How do you friends and family feel about the book? Are they supportive?
My parents are 100 percent supportive. They really thought the book was important in giving a face to what has so far been a string of really juvenile depictions of transgendered people (like you see on Jerry Springer). We felt that when you can make a caricature of somebody, like a transgendered person, then it is so much easier to discriminate against them or to think that their problems don't relate to yours.
The only people I worried about in writing the book were ex-boyfriends. But at least one of them I heard from — and he has been really supportive (his virginity got outed in the book!)
If you had to give one piece of advice to a young person struggling to cope with and love a transgender parent, what would that advice be?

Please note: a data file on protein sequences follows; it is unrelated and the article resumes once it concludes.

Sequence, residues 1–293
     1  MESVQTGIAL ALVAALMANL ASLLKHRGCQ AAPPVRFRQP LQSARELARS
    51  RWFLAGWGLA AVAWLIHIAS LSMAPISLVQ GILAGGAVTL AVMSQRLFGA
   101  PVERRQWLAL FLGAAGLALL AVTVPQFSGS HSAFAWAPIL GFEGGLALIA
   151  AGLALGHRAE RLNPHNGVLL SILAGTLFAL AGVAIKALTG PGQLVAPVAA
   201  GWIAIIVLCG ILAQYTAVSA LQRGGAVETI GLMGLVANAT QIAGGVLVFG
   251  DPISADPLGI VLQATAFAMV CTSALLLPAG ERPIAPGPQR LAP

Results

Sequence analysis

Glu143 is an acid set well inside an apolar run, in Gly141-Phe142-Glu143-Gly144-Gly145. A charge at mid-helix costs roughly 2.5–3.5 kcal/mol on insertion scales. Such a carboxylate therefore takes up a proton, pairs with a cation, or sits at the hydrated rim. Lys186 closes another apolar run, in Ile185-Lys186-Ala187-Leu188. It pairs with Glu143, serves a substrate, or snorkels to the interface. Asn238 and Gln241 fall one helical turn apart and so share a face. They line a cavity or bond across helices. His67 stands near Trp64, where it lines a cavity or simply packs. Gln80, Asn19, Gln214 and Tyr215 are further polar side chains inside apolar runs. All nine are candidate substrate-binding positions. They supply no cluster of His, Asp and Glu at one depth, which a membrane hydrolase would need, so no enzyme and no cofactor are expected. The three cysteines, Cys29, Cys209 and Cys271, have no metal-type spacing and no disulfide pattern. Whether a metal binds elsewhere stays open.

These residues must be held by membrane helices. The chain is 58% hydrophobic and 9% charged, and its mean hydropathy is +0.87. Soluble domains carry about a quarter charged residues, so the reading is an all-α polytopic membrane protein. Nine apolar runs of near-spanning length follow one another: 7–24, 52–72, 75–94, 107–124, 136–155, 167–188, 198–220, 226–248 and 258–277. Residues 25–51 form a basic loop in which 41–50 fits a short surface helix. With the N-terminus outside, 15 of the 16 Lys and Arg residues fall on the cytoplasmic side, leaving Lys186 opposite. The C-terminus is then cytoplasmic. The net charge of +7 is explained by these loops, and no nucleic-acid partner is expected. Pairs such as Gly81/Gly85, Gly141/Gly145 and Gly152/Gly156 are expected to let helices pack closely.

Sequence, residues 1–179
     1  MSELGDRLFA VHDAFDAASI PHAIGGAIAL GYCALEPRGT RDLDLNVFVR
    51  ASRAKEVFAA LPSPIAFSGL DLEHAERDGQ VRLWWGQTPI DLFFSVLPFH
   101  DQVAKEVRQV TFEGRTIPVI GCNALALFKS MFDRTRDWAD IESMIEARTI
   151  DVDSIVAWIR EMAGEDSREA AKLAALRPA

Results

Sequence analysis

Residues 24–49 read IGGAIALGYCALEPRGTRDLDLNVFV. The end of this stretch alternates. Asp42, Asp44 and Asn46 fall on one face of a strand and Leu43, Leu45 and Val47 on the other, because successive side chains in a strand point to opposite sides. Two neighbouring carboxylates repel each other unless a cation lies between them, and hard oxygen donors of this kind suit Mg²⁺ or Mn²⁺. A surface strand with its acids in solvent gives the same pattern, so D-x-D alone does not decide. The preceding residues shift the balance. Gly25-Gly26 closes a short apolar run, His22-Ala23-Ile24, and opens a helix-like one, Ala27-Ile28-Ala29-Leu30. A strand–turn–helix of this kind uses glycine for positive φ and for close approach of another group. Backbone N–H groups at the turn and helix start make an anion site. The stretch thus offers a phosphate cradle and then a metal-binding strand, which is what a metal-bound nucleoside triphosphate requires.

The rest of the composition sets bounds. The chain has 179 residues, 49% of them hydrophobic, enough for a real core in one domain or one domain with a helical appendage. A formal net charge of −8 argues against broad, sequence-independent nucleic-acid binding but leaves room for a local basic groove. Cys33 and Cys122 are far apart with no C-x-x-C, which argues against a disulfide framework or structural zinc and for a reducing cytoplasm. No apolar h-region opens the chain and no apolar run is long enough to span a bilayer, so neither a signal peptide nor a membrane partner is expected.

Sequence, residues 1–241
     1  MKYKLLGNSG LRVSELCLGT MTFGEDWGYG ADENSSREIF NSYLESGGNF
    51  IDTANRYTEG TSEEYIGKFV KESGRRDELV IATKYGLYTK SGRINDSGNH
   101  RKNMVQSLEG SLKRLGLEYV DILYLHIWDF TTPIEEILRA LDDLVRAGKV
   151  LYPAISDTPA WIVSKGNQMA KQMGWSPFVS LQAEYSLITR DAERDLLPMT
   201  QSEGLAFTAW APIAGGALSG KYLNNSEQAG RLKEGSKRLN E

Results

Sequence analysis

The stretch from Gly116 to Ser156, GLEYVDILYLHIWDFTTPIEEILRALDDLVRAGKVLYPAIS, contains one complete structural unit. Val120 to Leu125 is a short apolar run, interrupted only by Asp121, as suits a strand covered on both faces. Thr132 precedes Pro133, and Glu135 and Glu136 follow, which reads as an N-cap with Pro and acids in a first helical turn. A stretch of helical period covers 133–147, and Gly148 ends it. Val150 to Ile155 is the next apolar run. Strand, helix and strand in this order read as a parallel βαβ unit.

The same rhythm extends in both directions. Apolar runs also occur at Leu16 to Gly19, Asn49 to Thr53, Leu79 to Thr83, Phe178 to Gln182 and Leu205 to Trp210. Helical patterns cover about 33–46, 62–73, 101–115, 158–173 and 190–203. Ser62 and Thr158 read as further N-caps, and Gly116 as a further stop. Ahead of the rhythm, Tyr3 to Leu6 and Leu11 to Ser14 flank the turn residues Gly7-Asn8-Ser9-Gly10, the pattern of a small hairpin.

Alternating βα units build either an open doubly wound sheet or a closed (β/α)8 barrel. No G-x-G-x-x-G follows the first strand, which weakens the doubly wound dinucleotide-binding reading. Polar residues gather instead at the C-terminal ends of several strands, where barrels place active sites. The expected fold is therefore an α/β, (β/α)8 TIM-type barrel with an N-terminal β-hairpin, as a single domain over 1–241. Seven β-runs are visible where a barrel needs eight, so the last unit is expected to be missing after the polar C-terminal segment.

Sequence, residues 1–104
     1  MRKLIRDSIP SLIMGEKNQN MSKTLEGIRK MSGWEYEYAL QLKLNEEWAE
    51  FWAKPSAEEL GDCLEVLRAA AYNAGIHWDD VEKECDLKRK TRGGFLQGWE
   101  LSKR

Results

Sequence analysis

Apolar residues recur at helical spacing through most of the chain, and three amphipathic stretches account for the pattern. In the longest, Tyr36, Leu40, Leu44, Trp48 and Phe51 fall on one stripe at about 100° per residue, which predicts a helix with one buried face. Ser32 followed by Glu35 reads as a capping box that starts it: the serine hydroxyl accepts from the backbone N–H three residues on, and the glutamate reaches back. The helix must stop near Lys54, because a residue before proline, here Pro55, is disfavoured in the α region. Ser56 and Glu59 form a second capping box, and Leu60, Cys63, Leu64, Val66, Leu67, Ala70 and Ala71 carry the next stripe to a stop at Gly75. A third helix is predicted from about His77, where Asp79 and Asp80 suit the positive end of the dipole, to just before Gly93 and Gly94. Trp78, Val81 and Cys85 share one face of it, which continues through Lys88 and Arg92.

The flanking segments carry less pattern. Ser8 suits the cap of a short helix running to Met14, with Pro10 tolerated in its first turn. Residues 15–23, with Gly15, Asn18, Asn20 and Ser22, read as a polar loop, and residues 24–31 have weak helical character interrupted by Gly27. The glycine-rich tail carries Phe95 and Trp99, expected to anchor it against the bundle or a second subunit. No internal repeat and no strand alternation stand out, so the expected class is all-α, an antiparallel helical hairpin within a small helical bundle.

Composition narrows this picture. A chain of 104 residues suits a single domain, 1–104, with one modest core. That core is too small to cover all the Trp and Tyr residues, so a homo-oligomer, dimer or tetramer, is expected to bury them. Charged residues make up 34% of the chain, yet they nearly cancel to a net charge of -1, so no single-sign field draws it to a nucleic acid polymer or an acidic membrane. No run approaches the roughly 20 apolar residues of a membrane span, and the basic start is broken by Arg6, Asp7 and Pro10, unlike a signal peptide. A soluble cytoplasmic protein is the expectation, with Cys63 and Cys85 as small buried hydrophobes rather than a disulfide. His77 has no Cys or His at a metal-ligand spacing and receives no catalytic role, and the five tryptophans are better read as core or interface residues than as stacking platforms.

Try to have as much patience with your parents as you would like them to have with you. For most people, coming out is a form of adolescence; it mirrors puberty in almost every particular. If you can accept the fact that your parent is going to change and is going to have some phases — some of which you will find hysterically funny or just plain weird — and if you try to have a sense of humor about it, it'll be much less painful.
I think the hardest part is just dealing with the fact that a parent is changing. Everyone expects their parents to remain the same. Of course they won't, and they don't. The only difference with this is that the change is much more visible; it's much more external, so that other people will react to it and make their own value judgments. I've found dealing with others' reactions can often be harder than dealing with the actual transgender issue.
Thank you all for asking questions. I hope people have found the book entertaining — and most of all funny.
Thanks to Noelle Howey — and to all those who joined the chat.